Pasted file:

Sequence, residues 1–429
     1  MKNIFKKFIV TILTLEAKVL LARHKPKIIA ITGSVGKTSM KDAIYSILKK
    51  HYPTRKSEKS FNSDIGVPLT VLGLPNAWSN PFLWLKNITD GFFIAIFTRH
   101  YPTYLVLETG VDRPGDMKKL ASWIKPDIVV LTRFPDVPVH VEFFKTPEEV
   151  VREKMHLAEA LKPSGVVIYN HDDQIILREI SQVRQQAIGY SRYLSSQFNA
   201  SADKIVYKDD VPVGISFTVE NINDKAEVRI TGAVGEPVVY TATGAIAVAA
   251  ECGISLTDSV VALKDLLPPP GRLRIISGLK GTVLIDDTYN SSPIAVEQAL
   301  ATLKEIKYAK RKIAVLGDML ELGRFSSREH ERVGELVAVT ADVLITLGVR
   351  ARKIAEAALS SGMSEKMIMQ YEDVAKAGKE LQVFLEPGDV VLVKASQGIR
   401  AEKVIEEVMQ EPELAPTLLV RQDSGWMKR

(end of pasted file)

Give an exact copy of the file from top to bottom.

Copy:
Sequence, residues 1–429
     1  MKNIFKKFIV TILTLEAKVL LARHKPKIIA ITGSVGKTSM KDAIYSILKK
    51  HYPTRKSEKS FNSDIGVPLT VLGLPNAWSN PFLWLKNITD GFFIAIFTRH
   101  YPTYLVLETG VDRPGDMKKL ASWIKPDIVV LTRFPDVPVH VEFFKTPEEV
   151  VREKMHLAEA LKPSGVVIYN HDDQIILREI SQVRQQAIGY SRYLSSQFNA
   201  SADKIVYKDD VPVGISFTVE NINDKAEVRI TGAVGEPVVY TATGAIAVAA
   251  ECGISLTDSV VALKDLLPPP GRLRIISGLK GTVLIDDTYN SSPIAVEQAL
   301  ATLKEIKYAK RKIAVLGDML ELGRFSSREH ERVGELVAVT ADVLITLGVR
   351  ARKIAEAALS SGMSEKMIMQ YEDVAKAGKE LQVFLEPGDV VLVKASQGIR
   401  AEKVIEEVMQ EPELAPTLLV RQDSGWMKR